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4 categories to update your business data

July 28, 2022 By    

With the last heating season in the rearview mirror, your databases have been through a lot. And while the upcoming heating season seems like it’s on the distant horizon, it will come sooner than you think. Now is a great time to check and recheck your data.

We focus on our customer and equipment information, and while it sounds simple, it’s a bit complicated:

Active customers

When you set your tank at a customer site or perform a gas pressure check at a customer-owned tank site, you have a new active customer. Conversely, if you pick up your tank from a customer site, or a customer calls to terminate service, you lose an active customer. But customers who own their tanks, at least in our market, often fade away by simply not placing orders. And unless you diligently run reports on your leased tanks in the field, the same may even occur with your leased tanks.

We now periodically update our data to deactivate customers who have not placed an order with us in the most recently completed heating season unless they are designated as a limited usage customer. If it’s one of our tanks, we send a notification and then pick it up. Today’s steel prices have given us even more incentive to make sure our tanks in the field are active or generating rental income.

Customer information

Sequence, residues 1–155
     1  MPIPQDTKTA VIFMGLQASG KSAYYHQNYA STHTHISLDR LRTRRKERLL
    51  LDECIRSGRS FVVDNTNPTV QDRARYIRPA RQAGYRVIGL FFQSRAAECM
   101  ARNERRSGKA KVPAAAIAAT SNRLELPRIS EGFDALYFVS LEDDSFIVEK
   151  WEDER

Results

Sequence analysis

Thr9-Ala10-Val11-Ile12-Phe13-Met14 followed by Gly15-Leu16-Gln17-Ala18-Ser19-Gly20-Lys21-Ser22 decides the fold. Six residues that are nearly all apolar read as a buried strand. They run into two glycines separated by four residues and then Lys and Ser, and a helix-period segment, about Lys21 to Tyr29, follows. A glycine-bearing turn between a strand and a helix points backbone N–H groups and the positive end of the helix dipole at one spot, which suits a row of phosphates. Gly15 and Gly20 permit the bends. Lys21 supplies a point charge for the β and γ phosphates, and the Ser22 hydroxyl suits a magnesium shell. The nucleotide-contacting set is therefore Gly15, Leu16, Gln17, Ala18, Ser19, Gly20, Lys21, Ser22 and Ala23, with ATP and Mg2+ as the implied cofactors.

Customer information always is out of date. The question is just how out of date it is.

Contact information: Phone numbers and email addresses are the most important, especially if you use digital communication as much as we do. Customers who communicate early and often usually are not the issue; it’s the less frequent, intermittent usage customers who are the problem. We use our annual communication of price protection plans for the upcoming winter and safety information as real-world tests. Without fail, we receive return failures and then begin the process of hunting down the new information.

Payment information: Now is a great time to identify expired credit cards or cards that are about to expire.

Delivery and payment methods: Electronic communication has made the decision to communicate this information easy. We confirm the customer’s status on will-call or auto-fill and the current payment method on file. We avoid a lot of angry calls with this one.

Credit review: If you have not already reviewed your customers’ payment history last winter, now is the time to do so. A possible recession and energy volatility are going to make collections a challenge for many of you. Some of your customers have given you warning signs with their recent payment history. If your software accommodates budget plans, now might be the time to make a pitch to the customers who will benefit from it.

Equipment information

Our field team is required to confirm serial numbers and the manufacturing date for tank regulators every time they make a fill, and to note tanks that require special maintenance. And yes, despite the approximate 1,100-pound weight of an empty 500-gallon tank, we have discovered tanks that have been moved.

If you use monitors, you also will want to make sure to match up the on-site monitors with the monitors in your software.


Make sure your documentation matches up with your customer data. For example, whether they be physical or digital, signed leases, gas check forms, customer agreements and other documents should match up with your data. If a customer record says there’s a gas check on file, you should make sure there really is.

Making sure your data is up to date is about as exciting as watching the corn grow in the Midwest in July. But it sure is a lot better than discovering data gaps or incorrect information when you are trying to move at a faster pace this winter.

Christopher Caywood is a co-owner of Caywood Propane Gas Inc. 

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